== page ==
The launch of the world’s first flying car racing series is a step closer after the Australian company behind it said it had completed its 250th test flight.
Alauda Aeronautics has been experimenting with the aircraft for the last 18 months in the South Australian desert, with tests including a 100km/h drag race.
It comes ahead of the planned launch of its EXA Series racing series this year, where the cars will hit top speeds of 300km/h and race over ice, sea, deserts, and forest locations globally. The company has released a new video, which you can view below.
Alauda and the Airspeeder racing championship are both owned by Matt Pearson, who hopes to transition the company to provide aircraft for private use.
“This follows a proven path from the luxury and performance automotive world,” said Alauda. “Companies like Ferrari established their legends on the race-track and then built road-going supercars to satisfy the demand for private performance machines.
“This ‘race it on Sunday, fly it on Monday’ approach and will create the private performance segment of the rapidly expanding global eVTOL industry.”
The company has already signed up prestige partners, including DHL, Telstra, and Amazon Web Services, as well as recruiting F1 driver Bruno Senna as a remote pilot.
Australian Aviation reported in June 2021 how Alauda conducted a drag race, which saw remotely piloted ‘Speeders’ in action 10m above the ground.
The first drag was an internal competition between two teams. The red liveried team (Bravo), was led by technical project manager, Brett Hill, who faced the black liveried team (Alpha), led by head of operations, Renee Fraser.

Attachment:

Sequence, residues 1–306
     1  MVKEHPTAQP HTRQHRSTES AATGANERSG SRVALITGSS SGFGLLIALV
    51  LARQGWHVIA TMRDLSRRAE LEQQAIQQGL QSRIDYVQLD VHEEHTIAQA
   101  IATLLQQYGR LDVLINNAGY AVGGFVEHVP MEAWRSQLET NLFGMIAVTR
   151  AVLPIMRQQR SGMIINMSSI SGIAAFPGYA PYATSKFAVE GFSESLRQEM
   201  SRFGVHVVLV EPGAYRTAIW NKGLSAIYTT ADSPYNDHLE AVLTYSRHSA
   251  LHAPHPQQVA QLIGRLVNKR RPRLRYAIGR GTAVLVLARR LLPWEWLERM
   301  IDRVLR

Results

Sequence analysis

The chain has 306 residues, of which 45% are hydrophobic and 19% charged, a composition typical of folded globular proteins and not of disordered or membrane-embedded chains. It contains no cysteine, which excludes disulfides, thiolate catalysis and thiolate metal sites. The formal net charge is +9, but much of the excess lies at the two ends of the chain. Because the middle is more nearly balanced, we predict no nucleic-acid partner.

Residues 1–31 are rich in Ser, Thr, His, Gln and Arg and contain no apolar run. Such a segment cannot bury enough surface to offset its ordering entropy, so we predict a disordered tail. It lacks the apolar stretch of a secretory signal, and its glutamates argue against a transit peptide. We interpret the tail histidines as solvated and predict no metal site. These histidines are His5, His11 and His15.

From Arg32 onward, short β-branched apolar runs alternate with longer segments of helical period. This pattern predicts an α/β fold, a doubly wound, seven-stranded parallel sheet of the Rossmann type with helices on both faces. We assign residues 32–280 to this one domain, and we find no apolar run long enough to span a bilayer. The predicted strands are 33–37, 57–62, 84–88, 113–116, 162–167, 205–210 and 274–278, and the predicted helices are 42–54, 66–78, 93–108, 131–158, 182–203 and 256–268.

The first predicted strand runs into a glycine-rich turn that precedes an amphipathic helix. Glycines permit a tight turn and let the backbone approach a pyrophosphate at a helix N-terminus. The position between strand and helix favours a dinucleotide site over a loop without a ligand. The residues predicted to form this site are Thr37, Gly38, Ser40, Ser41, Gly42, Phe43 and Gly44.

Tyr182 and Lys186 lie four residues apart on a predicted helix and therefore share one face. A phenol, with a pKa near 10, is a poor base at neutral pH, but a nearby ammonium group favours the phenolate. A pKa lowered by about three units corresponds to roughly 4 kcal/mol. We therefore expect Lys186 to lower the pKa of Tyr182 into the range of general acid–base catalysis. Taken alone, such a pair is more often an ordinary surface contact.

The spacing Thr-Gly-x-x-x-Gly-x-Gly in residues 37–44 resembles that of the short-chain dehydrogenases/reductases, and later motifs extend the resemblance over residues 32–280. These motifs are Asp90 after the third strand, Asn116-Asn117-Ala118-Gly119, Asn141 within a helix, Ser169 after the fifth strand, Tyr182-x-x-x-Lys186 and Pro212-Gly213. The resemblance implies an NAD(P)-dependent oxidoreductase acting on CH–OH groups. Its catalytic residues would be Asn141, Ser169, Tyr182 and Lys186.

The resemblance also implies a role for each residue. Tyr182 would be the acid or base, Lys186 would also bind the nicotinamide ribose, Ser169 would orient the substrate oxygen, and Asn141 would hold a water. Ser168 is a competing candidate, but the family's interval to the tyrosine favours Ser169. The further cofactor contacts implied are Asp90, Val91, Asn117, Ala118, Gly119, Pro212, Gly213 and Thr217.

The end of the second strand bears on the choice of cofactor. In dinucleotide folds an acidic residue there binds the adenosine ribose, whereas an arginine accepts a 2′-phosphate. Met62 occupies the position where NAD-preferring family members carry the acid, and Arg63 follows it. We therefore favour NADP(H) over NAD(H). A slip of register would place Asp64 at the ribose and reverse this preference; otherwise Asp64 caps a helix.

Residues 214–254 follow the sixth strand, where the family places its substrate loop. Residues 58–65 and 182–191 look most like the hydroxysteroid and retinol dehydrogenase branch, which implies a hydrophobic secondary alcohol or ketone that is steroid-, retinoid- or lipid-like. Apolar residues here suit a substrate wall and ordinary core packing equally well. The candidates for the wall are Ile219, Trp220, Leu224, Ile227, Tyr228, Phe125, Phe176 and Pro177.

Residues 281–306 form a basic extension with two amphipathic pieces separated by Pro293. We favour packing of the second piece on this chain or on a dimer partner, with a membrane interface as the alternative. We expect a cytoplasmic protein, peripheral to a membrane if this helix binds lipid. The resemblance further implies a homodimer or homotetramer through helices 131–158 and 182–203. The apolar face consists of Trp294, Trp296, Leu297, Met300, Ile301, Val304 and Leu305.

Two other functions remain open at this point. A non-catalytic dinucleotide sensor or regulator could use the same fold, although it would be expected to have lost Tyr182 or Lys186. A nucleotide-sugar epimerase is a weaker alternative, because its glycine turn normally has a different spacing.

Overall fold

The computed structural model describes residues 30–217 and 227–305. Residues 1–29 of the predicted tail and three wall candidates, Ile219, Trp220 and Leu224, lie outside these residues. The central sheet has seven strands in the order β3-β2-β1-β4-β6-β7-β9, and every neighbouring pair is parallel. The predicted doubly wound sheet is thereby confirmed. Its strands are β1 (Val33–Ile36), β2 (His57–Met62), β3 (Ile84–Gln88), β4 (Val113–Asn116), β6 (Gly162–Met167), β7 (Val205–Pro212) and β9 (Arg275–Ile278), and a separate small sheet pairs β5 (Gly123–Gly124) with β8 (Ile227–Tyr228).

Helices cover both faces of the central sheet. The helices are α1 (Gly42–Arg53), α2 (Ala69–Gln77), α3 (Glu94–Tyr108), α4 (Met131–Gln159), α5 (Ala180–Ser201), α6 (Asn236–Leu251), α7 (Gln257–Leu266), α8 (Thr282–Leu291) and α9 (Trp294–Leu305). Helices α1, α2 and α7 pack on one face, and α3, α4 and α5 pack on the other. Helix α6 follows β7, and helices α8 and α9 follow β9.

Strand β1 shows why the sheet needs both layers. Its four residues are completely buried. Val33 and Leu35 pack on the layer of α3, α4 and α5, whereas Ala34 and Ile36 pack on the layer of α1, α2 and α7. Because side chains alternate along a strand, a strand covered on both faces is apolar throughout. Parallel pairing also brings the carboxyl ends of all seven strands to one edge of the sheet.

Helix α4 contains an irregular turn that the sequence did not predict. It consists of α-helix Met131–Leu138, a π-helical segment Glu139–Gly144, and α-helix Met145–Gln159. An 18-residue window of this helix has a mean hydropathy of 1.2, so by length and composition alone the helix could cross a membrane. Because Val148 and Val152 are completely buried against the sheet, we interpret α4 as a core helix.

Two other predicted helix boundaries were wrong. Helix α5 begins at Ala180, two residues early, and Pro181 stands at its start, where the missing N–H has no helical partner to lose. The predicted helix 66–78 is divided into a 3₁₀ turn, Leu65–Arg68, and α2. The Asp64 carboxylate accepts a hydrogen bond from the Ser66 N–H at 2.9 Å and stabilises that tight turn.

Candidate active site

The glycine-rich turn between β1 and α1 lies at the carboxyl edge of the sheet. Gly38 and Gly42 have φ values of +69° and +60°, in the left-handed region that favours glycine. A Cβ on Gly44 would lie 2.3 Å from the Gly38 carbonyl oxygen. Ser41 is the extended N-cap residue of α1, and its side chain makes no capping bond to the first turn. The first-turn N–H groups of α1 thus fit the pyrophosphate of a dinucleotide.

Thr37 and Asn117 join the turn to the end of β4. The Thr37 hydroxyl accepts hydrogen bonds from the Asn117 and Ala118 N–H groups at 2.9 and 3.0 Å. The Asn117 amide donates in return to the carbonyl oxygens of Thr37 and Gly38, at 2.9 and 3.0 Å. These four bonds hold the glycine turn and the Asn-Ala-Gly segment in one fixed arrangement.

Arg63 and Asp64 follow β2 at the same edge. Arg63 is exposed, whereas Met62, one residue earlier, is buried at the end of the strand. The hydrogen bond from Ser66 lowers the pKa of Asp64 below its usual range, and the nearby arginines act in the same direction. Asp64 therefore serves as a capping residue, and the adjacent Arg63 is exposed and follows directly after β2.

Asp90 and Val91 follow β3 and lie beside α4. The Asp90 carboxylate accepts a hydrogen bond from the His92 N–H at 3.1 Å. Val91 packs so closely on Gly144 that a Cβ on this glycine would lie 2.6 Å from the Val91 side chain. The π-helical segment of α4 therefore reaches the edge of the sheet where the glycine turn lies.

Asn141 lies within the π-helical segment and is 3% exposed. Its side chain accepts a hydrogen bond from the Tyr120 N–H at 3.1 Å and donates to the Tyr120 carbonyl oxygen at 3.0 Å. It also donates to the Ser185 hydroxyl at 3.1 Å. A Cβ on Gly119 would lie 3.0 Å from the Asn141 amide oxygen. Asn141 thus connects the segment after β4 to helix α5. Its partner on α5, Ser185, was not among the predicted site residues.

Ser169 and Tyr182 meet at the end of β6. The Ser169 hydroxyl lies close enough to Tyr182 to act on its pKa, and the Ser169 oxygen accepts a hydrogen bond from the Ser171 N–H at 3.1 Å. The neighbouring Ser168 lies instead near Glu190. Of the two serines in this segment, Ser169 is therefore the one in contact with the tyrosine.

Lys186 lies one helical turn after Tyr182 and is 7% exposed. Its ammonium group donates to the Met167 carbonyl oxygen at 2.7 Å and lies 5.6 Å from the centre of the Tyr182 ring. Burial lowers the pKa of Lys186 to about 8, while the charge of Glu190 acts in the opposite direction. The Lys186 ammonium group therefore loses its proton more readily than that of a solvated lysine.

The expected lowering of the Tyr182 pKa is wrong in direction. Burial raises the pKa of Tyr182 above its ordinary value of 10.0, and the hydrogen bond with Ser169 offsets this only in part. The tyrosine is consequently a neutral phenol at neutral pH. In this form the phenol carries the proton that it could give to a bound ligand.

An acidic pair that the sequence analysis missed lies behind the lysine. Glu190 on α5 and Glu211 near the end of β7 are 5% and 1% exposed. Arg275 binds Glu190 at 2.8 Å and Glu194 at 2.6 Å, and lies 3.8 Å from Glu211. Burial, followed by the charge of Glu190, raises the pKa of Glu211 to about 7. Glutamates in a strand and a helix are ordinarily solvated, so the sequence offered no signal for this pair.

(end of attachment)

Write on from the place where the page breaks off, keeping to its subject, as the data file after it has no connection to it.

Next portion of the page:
“The Mk3 Speeders flew at over 100 km/h and heights of 10m above the ground,” said Alauda Aeronautics.
“The garage was split into two teams with the Bravo crossing the line 3.2s quicker than Alpha. The drag race took place over 400m distance, as per the traditional quarter-mile drag racing protocol.
“As the race-craft move through their rapid development curves, they will race at up to 300 km/h in full race specification.”
Alauda said the remote pilots were given free rein to plot their own flight path to victory.
“The drag-race format was chosen as a pure demonstration of the performance and safety technologies that underpin the sport,” it said.
“In particular, the ‘Virtual Forcefield’ suite of LiDAR and RADAR powered safety systems that delivers close but ultimately safe racing. This will be heavily relied upon for full-grid circuit racing.”